When two species benefit mutually from a relationship it is called a symbiotic relationship. Many plants and animals in the rainforest partake in symbiosis. An example is a particular species of caterpillar and ant. The caterpillar produces juices on its back containing “sweet chemicals.” The ants eat this juice from the caterpillar, and in return defend it. The ants will fight for the caterpillar if necessary, and will even carry it home on their backs.
The sea anemone and the clownfish have a symbiotic relationship. The sea anemone provides protection, shelter and food for the clownfish. While the clownfish cleans the anemone, as well as chases polyp-eating fish and lures prey.
Bees and flowers! Bees pollinate flowers, and they in turn get nectar for food. Both species benefit from this relationship. Larger African mammals, such as zebras, and oxpeckers share a relationship that has come to some debate recently. It used to be believed that the bird ate parasites from an animal’s back. Recent studies show the oxpecker could also be keeping open sores to feed on the blood. This action would make the relationship a semi-parasitic one.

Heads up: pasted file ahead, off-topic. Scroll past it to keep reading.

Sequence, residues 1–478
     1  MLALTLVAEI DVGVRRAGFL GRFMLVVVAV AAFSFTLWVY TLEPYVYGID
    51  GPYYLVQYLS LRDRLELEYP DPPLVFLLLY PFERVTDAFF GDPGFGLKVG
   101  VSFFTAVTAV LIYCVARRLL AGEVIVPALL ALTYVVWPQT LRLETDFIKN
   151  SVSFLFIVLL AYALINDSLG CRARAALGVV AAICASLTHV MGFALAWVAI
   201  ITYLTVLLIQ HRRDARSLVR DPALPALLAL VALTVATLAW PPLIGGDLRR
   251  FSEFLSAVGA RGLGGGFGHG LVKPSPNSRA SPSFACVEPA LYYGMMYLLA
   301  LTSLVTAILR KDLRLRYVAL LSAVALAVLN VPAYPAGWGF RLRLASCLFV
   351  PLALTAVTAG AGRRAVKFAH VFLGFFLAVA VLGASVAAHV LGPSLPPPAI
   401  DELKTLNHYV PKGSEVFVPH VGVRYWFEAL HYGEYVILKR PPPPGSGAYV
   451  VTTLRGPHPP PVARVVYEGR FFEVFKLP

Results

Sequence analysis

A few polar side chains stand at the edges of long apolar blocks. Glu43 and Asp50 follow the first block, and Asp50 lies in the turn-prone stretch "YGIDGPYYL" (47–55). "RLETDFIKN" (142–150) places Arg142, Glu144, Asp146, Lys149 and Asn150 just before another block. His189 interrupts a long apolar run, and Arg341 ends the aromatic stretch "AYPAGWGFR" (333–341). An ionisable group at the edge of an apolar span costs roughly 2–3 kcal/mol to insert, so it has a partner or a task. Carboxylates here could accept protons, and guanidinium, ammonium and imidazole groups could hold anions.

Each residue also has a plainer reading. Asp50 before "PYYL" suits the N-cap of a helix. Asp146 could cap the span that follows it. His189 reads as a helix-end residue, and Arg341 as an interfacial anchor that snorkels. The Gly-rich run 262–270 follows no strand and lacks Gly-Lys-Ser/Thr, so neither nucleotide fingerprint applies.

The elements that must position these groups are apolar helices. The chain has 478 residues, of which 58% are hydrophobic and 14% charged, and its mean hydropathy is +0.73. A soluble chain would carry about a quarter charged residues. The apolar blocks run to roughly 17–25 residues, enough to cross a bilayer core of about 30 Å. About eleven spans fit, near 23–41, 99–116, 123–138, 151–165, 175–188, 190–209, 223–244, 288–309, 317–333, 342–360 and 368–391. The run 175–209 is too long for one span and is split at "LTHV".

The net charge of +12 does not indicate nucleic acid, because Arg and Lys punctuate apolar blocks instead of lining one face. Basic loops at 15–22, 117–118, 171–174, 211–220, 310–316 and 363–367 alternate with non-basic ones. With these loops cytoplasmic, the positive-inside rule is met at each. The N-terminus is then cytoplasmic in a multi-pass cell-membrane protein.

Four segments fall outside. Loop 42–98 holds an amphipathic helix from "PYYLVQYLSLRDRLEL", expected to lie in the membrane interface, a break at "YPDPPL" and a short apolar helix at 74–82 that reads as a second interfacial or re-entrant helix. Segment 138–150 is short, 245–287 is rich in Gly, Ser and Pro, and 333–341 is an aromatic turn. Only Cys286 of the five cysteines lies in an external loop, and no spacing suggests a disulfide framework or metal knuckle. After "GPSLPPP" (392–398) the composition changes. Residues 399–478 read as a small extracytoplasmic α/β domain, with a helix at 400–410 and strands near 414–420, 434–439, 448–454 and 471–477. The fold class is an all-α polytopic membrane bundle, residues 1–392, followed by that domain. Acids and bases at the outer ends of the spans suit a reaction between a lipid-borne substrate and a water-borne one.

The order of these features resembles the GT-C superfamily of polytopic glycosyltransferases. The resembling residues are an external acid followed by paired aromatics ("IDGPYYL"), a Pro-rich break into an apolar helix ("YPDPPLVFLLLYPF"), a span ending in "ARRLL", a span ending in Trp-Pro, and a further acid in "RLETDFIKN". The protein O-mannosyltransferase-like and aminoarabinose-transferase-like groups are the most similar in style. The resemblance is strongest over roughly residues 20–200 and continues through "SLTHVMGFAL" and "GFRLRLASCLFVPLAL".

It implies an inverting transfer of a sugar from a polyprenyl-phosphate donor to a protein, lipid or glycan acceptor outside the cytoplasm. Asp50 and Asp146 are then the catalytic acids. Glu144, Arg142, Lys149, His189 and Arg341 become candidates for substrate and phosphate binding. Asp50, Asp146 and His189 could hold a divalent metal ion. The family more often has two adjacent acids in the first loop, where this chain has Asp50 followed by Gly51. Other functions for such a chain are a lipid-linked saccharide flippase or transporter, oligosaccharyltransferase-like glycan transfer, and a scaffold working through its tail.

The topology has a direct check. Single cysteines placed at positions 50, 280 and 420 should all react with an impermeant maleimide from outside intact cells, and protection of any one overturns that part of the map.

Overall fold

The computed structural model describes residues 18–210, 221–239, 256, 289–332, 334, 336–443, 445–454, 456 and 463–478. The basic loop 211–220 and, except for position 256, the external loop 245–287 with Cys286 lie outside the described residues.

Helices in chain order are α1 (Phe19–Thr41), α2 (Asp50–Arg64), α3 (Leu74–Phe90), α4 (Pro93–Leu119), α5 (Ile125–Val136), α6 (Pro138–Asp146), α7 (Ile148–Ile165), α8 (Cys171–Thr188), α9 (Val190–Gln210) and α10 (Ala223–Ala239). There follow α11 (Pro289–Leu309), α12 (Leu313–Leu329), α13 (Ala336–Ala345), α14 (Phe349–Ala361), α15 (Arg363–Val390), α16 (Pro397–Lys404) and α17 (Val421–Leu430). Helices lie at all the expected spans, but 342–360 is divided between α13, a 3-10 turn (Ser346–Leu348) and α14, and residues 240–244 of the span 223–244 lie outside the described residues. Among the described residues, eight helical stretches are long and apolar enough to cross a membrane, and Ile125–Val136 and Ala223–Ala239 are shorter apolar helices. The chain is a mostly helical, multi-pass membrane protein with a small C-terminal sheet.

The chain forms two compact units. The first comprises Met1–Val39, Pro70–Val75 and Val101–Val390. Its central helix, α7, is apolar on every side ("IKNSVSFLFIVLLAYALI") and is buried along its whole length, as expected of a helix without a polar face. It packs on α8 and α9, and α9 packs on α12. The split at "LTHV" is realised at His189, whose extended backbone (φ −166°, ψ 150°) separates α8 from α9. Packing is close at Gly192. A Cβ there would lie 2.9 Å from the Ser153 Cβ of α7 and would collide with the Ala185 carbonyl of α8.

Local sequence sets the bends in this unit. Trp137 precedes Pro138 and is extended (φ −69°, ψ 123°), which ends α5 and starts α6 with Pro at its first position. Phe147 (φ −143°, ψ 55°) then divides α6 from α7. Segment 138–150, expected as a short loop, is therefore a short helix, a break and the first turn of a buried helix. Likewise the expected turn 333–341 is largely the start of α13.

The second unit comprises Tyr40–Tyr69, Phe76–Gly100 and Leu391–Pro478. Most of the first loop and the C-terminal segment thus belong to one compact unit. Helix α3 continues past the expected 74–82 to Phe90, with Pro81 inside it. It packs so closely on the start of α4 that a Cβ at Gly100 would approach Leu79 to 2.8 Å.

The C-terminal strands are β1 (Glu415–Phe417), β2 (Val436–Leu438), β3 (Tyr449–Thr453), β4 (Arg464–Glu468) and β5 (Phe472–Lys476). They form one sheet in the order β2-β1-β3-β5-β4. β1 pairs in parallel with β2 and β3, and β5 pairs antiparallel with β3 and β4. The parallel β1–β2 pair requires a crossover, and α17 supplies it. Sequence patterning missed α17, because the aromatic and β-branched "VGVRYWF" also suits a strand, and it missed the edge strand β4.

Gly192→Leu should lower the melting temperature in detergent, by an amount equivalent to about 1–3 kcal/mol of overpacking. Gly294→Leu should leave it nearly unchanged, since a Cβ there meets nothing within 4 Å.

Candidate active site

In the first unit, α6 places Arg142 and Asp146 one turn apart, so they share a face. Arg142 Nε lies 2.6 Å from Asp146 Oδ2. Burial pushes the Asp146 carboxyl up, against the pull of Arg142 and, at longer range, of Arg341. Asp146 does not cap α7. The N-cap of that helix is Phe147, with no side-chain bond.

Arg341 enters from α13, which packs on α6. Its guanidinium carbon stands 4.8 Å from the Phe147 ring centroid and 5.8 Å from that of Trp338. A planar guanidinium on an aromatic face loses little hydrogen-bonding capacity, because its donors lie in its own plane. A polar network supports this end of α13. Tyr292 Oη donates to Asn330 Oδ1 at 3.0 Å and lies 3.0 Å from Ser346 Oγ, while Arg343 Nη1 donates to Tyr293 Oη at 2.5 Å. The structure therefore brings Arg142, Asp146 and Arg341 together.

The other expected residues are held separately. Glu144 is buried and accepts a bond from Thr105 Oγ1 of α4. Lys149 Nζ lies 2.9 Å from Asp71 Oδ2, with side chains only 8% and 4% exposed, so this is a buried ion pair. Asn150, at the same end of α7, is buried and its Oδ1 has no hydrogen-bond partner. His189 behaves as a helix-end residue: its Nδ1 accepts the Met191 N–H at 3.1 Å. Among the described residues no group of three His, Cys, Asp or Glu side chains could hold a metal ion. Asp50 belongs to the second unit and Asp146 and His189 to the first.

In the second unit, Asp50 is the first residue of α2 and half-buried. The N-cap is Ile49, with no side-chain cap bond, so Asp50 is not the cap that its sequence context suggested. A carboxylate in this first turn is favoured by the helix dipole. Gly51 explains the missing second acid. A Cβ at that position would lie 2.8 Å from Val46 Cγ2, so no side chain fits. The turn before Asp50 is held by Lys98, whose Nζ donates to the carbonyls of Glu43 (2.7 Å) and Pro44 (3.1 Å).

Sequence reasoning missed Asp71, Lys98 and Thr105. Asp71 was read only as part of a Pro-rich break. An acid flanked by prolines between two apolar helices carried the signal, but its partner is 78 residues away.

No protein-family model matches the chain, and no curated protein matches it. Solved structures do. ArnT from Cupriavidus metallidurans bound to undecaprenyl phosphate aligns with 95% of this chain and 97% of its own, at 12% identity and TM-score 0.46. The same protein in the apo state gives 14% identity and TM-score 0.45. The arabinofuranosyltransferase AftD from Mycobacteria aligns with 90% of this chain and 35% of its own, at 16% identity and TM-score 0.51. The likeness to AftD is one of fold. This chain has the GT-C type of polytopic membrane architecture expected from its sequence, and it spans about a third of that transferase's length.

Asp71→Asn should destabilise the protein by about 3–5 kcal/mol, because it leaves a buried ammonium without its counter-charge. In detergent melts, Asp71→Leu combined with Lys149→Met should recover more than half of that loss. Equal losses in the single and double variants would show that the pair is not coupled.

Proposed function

The Egyptian Plover feeds on the leftovers stuck between the teeth of the Nile Crocodile. The crocodile will open its mouth and allow the plover to hop inside:
But the plover is save. The crocodile lets the plover feed because the cleaning keeps its teeth healthy, and the plover gets a free meal!
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